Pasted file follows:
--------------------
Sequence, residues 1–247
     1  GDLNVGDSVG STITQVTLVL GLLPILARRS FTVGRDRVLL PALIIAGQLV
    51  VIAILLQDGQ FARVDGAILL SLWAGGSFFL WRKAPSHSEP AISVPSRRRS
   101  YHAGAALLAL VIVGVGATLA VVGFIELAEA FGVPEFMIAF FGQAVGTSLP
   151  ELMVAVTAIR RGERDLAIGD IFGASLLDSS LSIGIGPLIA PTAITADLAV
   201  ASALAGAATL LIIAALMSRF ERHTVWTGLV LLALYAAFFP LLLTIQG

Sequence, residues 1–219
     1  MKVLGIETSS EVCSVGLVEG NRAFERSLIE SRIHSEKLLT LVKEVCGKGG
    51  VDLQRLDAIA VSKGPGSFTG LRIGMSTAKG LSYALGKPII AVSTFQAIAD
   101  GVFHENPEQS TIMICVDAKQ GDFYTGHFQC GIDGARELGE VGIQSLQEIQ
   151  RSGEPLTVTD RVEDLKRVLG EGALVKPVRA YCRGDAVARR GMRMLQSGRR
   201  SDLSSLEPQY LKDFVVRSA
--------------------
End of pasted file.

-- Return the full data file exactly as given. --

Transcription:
Sequence, residues 1–247
     1  GDLNVGDSVG STITQVTLVL GLLPILARRS FTVGRDRVLL PALIIAGQLV
    51  VIAILLQDGQ FARVDGAILL SLWAGGSFFL WRKAPSHSEP AISVPSRRRS
   101  YHAGAALLAL VIVGVGATLA VVGFIELAEA FGVPEFMIAF FGQAVGTSLP
   151  ELMVAVTAIR RGERDLAIGD IFGASLLDSS LSIGIGPLIA PTAITADLAV
   201  ASALAGAATL LIIAALMSRF ERHTVWTGLV LLALYAAFFP LLLTIQG

Sequence, residues 1–219
     1  MKVLGIETSS EVCSVGLVEG NRAFERSLIE SRIHSEKLLT LVKEVCGKGG
    51  VDLQRLDAIA VSKGPGSFTG LRIGMSTAKG LSYALGKPII AVSTFQAIAD
   101  GVFHENPEQS TIMICVDAKQ GDFYTGHFQC GIDGARELGE VGIQSLQEIQ
   151  RSGEPLTVTD RVEDLKRVLG EGALVKPVRA YCRGDAVARR GMRMLQSGRR
   201  SDLSSLEPQY LKDFVVRSA